Clichés are expressions or sayings that have become so overused that they have lost some of their original impact. In football, clichés are used quite a lot and they are often associated with the emotional aspect of the game. Sometimes the meaning is clear or extremely obvious, e.g. football is a game of two halves but more often than not the original meaning of a cliché is often difficult to understand. Why, for example, are parrots sick? How can a player give 110% when 100% surely is the maximum? And why does a victory send players and managers over the moon?
Many feel that the overuse of clichés demonstrates the fact that football players, managers, fans, commentators and pundits have a poor vocabulary and are lacking in imagination. However, clichés form part of the football discourse and though there is often no logical explanation to their meaning, they do provide some colour and humour for the football world.
You will often hear football clichés in interviews with players before and after a match, as well as from TV match commentators and experts. Former manager Ron Atkinson famously introduced new expressions to the game such as ‘early doors‘, while British commentator Clive Tyldesley never seems to tire of referring to Manchester United’s 1999 Champions League win as ‘that night in Barcelona‘, among others.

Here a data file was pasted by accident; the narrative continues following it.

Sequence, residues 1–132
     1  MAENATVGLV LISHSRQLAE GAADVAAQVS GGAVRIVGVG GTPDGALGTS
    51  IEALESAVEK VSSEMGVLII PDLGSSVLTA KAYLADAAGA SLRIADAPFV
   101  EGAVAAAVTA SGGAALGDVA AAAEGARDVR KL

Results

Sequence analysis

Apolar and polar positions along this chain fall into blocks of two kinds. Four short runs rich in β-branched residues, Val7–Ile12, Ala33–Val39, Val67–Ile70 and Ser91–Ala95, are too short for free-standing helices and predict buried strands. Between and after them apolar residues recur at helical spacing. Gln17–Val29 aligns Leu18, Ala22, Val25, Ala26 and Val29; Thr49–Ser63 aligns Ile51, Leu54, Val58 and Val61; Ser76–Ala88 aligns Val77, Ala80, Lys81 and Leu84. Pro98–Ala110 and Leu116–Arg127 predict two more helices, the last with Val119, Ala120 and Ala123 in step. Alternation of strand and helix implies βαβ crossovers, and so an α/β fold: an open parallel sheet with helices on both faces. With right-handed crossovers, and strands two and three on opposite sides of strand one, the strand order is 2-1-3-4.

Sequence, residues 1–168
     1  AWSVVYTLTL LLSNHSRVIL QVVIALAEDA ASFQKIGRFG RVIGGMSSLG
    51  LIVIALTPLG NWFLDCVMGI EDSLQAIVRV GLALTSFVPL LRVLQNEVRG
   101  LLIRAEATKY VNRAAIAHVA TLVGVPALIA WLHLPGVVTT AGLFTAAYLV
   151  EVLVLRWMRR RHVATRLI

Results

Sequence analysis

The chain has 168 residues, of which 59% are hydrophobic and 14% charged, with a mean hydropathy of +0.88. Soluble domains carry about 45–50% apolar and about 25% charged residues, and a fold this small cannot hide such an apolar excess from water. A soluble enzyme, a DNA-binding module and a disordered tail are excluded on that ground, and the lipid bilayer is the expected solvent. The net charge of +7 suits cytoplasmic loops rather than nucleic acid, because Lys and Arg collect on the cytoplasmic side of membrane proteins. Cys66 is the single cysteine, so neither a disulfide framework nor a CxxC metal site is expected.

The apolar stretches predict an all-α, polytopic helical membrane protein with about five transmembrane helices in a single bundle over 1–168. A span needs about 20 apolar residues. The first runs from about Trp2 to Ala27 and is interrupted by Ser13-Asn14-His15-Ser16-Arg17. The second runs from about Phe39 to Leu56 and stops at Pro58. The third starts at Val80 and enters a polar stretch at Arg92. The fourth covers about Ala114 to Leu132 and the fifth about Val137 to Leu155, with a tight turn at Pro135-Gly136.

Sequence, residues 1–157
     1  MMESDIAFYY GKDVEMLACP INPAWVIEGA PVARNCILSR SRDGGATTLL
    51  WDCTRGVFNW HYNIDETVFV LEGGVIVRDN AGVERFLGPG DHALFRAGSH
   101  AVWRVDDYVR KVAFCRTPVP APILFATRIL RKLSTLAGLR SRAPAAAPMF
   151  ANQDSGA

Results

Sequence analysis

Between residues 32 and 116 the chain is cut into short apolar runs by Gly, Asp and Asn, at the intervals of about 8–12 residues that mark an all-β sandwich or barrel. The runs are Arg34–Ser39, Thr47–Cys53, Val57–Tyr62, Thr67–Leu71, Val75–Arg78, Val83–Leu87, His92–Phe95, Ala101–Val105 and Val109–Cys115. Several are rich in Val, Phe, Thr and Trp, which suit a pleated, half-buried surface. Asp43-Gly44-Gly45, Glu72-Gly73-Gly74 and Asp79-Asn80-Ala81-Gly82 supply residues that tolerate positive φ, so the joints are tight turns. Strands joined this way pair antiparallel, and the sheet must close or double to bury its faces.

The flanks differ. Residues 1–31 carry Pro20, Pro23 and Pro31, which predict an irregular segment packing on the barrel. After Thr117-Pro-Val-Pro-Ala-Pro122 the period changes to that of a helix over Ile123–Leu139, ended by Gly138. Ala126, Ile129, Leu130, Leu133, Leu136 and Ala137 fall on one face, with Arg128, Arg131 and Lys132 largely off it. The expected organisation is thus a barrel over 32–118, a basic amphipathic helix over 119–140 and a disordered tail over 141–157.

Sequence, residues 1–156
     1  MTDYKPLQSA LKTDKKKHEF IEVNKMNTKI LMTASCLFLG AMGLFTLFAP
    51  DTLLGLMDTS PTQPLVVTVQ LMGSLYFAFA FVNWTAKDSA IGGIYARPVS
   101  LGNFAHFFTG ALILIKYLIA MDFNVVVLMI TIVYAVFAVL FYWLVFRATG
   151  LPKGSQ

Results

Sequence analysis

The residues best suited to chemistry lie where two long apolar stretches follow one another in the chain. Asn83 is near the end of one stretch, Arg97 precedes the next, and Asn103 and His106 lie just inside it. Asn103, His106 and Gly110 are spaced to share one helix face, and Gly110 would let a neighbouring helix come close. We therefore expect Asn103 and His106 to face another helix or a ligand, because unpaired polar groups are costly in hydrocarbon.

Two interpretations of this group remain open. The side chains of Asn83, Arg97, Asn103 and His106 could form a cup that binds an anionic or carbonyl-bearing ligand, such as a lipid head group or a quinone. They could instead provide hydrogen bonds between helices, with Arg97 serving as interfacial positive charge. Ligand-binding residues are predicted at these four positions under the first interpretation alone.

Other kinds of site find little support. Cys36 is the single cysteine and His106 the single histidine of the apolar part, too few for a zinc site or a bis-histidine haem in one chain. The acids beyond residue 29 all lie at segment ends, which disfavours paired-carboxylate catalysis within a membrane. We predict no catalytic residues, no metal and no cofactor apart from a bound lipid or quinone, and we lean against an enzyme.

Latest Football Cliches
- Football Language: Bore draw
- Football Language: 110%
- Football Language: Kill off the game
- Football Language: Dead rubber
- Football Language: One for the cameras
- Football Language: Turn the game on its head
- Football Language: To pepper the goal
- Football Language: Prawn Sandwich Brigade
- Football Language: Play a blinder
- Football Language: Fill your boots
- Football Language: Marathon not a sprint
- Football Language: (to) Dig deep
- Football Language: Hospital Pass
- Weekly Football Phrase: Romance of the Cup
- Weekly Football Phrase: Up for grabs